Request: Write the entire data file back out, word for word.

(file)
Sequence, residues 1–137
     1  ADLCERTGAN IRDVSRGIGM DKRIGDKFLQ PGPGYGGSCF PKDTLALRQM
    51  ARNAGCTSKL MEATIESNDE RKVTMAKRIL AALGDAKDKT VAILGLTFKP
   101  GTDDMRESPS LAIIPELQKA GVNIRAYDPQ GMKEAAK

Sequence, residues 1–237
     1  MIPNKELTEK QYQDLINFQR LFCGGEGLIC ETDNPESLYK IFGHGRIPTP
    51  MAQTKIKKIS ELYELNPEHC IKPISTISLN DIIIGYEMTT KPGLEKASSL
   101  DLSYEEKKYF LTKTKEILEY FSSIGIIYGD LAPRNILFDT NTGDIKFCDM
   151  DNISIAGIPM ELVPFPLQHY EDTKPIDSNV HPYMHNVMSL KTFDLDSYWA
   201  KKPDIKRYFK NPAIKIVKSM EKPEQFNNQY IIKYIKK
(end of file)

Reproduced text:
Sequence, residues 1–137
     1  ADLCERTGAN IRDVSRGIGM DKRIGDKFLQ PGPGYGGSCF PKDTLALRQM
    51  ARNAGCTSKL MEATIESNDE RKVTMAKRIL AALGDAKDKT VAILGLTFKP
   101  GTDDMRESPS LAIIPELQKA GVNIRAYDPQ GMKEAAK

Sequence, residues 1–237
     1  MIPNKELTEK QYQDLINFQR LFCGGEGLIC ETDNPESLYK IFGHGRIPTP
    51  MAQTKIKKIS ELYELNPEHC IKPISTISLN DIIIGYEMTT KPGLEKASSL
   101  DLSYEEKKYF LTKTKEILEY FSSIGIIYGD LAPRNILFDT NTGDIKFCDM
   151  DNISIAGIPM ELVPFPLQHY EDTKPIDSNV HPYMHNVMSL KTFDLDSYWA
   201  KKPDIKRYFK NPAIKIVKSM EKPEQFNNQY IIKYIKK